Today I heard a story on Morning Edition about the lack of unstructured play in many American schools. Apparently, laws have been passed in some states requiring a certain amount of recess time for students.
This was good for me to hear because lately I’ve been grumbling about all the gear German schools require. We were sent a note last week that Lee and Ned need insulated waterproof pants in addition to their normal rain pants for recess.
There is no such thing as indoor recess in the kids’ schools. They always go outside. They always come home muddy.
Today I’m going to give technology a big shout-out. First, google translate. The forest is my German boyfriend, and google translate is my German bestie.
Second, I was able to video chat with many of my favorites this weekend. Seeing their faces and hearing their voices filled my soul.
The Anglican church we attend held their Nativity play this morning. The twins and Vinnie made great angels.
Afterward, we took a trip to Kappel to visit their Christmas market. It was just this weekend and much more low-key than the other markets we’ve seen. The kids enjoyed fresh Waffeln that came served with either applesauce or powdered sugar. The adult beverages were sold without a pfand (deposit), and there was not a money-sucking kiddie amusement park ride in sight. It was delightful.
I spent the day with the twins and Vinnie. The four of us have a lot of history together, and it was nice to be that special group again.
The best overheard conversation of the day:
Vinnie: When Auntie comes into a house, the first thing she does is ask where the bathroom is. The second is, she asks to play hide and seek. The third is, she wants to know if you have any Christmas cookies.
Ned: Then she hides in the shower.
Speaking of songs, this week my German teacher brought Advent treats and taught us the song In der Weihnachtsbäckerei. She showed us a video of the song while we munched.
The next day, I let Vinnie and the twins watch it. Hilariously, they knew the words! It’s funny how one knows even less about what goes on at your child’s school in a foreign land.
‘Tis the season! We went to two more Christmas parties this week. Last night’s was at Errol’s office. it was good to meet some of Errol’s new colleagues, and I’m always up for a potluck. Children were invited, but ours were the only ones there. That isn’t my favorite kind of social situation.
Tonight’s party had plenty of children. The American library hosted a holiday gathering and even included Santa. We were invited because the three littles take dance there. Most of the families have children enrolled in English classes, and many aren’t native speakers. The kids loved when Santa read them How the Grinch Stole Christmas, but my favorite part was singing Christmas songs. It was funny to see so many people needing the printed lyrics to Jingle Bells and Rudolph the Red-Nosed Reindeer.
Oh, the excitement!
We have a Christmas tree.
By mid-November, Freiburg was dressed for Christmas. Holiday goodies have been in stores since early October, but we hadn’t seen any Christmas trees for sale. We assumed they would sell them at the Christmas market. They don’t. Vinnie was positive everyone hiked into the forest and just cut one down.
One morning last week on the walk to the twins’ kindergarten, I saw a banner in the plaza beside a church: Christbäume. The trees would be sold there on December 11 from 9-6.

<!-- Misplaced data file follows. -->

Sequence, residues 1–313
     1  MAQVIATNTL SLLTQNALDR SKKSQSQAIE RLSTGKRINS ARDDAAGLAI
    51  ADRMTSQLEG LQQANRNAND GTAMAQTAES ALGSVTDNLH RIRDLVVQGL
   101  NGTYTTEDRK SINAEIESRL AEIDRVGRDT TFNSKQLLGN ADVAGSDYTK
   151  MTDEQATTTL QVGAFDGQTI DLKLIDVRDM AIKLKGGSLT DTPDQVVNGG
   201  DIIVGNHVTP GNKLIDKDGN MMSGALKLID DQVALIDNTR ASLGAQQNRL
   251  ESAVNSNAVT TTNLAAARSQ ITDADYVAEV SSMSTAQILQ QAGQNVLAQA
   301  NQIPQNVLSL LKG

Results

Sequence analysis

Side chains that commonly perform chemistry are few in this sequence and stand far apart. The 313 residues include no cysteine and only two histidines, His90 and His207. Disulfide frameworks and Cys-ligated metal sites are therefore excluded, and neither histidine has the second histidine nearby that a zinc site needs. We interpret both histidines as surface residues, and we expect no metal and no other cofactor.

It rained--sometimes poured--for most of the day on December 11. Not ideal conditions for hauling a tree without a vehicle. Thankfully, the tree man tweaked his hours a bit, and we got ours the next day on a cold but rain-free afternoon.
It was so fun.
Errol called it our most successful family outing to date. I laughed because the three littles and I met Thom and Errol there, and the whole thing took about fifteen minutes.
The Americans who lived in this flat last year left lights, ornaments, and a tree stand in the basement. This doesn’t exonerate them from all of our internet issues in the fall, but it was appreciated.
Happy birthday to my brother Chris!
My mom did such a great job with birthdays when we were kids that my siblings’ birthdays still seem special even though we no longer celebrate them together.
Hope Chris comes to visit us soon!
At the twins’ drop-off this morning there was a new sign on the door. Usually the signage is some sort of request for baked goods. Not today. Another mom was in the mud room, and I asked her, “Could you tell me what this sign says?”
I didn’t ask her if she spoke English. I’ve found most Freiburgers do, and they act a bit offended at the thought of them not knowing.
She did speak English, but she didn’t know the specific word needed to translate.
She began to say how the children can’t have animals on their hats.
I quickly thought of the twins’ Bronco and Eagle stocking hats. Animals on hats. Were those not allowed?
Then, she made a creepy, crawly movement with her fingers over her head.
“Lice?” I asked.
We definitely don't want those animals on their hats.
We had a very festive Saturday. We took the RegioBahn to the village Emmendingen to experience their Christmas market. It was lovely. We fell victim to the smell of fried dough and bought a Striebele--fancy funnel cake.
All the kids wanted to skate on the outdoor ice rink. It was crowded, covered with snow, and we didn’t let them. Instead, they rode a carousel and played in a nearby park. Also, remember the Striebele!
Later we took a bus from Emmendingen to Sexau for a Christmas party. It was almost seven, and the kids didn’t want to go. We were at the party for about ten minutes when Thomsen told me he never wanted to leave. They had a finished basement with a ping-pong table and so many toys. Thom and Vinnie began a game of Monopoly on a board from the 60s!
We had to run and hold open a closing door to board the train back to Freiburg, but we made it!